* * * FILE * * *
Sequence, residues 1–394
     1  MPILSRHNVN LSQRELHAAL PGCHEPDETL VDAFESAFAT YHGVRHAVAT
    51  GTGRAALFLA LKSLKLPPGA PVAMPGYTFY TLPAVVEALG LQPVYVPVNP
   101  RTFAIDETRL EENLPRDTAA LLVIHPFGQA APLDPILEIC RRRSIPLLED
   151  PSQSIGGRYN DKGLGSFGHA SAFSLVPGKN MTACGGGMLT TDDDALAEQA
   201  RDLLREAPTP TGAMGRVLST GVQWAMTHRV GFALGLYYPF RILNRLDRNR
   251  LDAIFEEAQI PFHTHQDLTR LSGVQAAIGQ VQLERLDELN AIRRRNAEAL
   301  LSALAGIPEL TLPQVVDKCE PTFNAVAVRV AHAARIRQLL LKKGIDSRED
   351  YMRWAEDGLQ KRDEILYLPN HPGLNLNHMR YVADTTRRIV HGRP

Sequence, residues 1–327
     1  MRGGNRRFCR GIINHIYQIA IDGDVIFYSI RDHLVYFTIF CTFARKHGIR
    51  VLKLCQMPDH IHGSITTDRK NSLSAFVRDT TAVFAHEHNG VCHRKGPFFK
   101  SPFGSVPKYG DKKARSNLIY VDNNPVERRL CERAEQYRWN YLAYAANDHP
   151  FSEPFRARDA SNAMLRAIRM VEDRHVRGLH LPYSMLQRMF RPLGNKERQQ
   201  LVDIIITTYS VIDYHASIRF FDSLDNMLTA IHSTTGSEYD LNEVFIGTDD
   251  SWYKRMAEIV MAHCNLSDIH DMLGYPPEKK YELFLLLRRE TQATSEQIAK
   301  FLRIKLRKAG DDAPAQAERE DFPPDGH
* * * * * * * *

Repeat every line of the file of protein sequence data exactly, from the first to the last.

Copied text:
Sequence, residues 1–394
     1  MPILSRHNVN LSQRELHAAL PGCHEPDETL VDAFESAFAT YHGVRHAVAT
    51  GTGRAALFLA LKSLKLPPGA PVAMPGYTFY TLPAVVEALG LQPVYVPVNP
   101  RTFAIDETRL EENLPRDTAA LLVIHPFGQA APLDPILEIC RRRSIPLLED
   151  PSQSIGGRYN DKGLGSFGHA SAFSLVPGKN MTACGGGMLT TDDDALAEQA
   201  RDLLREAPTP TGAMGRVLST GVQWAMTHRV GFALGLYYPF RILNRLDRNR
   251  LDAIFEEAQI PFHTHQDLTR LSGVQAAIGQ VQLERLDELN AIRRRNAEAL
   301  LSALAGIPEL TLPQVVDKCE PTFNAVAVRV AHAARIRQLL LKKGIDSRED
   351  YMRWAEDGLQ KRDEILYLPN HPGLNLNHMR YVADTTRRIV HGRP

Sequence, residues 1–327
     1  MRGGNRRFCR GIINHIYQIA IDGDVIFYSI RDHLVYFTIF CTFARKHGIR
    51  VLKLCQMPDH IHGSITTDRK NSLSAFVRDT TAVFAHEHNG VCHRKGPFFK
   101  SPFGSVPKYG DKKARSNLIY VDNNPVERRL CERAEQYRWN YLAYAANDHP
   151  FSEPFRARDA SNAMLRAIRM VEDRHVRGLH LPYSMLQRMF RPLGNKERQQ
   201  LVDIIITTYS VIDYHASIRF FDSLDNMLTA IHSTTGSEYD LNEVFIGTDD
   251  SWYKRMAEIV MAHCNLSDIH DMLGYPPEKK YELFLLLRRE TQATSEQIAK
   301  FLRIKLRKAG DDAPAQAERE DFPPDGH